‘What have you done, Dad?’ marvelled Justin.
‘Jade isn’t going to get any better in the short term, and the only thing that can be done for Sunni May is adoption. But poor old Damien will never settle down if she’s adopted by strangers, because he feels responsible for his sister. And you’ve got to respect the kid for that. We may not have any blood links with the girl, but she’s Damien’s sister after all, and we love Damien. So Matt went down to Holloway Road and talked to Jade’s mum. She was delighted to help, and will be taking on the care of her granddaughter with a bit of financial help from us. We found her a little flat in Ipswich.’
Mrs Gardiner had put down Sunni May, who had toddled off. Damien was looking up at his grandmother, who had clasped his cheeks in her hands, tears streaming down her face. ‘My little Damien, how you’ve grown,’ she sniffed.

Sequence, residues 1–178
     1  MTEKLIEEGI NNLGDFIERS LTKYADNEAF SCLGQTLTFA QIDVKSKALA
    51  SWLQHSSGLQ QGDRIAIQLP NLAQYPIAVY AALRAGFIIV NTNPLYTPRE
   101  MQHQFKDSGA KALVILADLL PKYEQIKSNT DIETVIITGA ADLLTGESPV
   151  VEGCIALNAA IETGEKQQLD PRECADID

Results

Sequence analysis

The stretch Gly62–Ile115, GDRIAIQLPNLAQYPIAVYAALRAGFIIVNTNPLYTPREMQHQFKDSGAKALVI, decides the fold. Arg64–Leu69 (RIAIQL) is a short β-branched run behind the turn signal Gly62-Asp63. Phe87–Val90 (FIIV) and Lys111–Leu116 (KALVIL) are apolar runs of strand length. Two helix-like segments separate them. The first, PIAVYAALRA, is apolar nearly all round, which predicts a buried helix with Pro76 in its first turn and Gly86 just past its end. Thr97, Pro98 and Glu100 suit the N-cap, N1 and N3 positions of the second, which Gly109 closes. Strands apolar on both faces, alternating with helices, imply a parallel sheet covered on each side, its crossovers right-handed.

‘I’m your grandma, luv, your mum’s mum.’
A brilliant smile lit up Damien’s face. ‘Hey Dad!’ he called over cheerfully. ‘Looks like we got some more ladies in our family.’
Mattie and his parents arrived at Castringham House the weekend before the royal wedding. Damien was bouncing up and down on the terrace as the Oscotts’ SUV pulled up, and he tugged open the door even before Paul had turned off the engine.
Mattie jumped out and the two boys hugged. Then they were off running through the grounds without bothering to ask anyone’s permission. They found their favourite hiding place, a tiny enclosed garden which could only be reached through a privet maze. It had a small fountain and was dominated by a brick wall-walk and turret. They treated it like a private fort.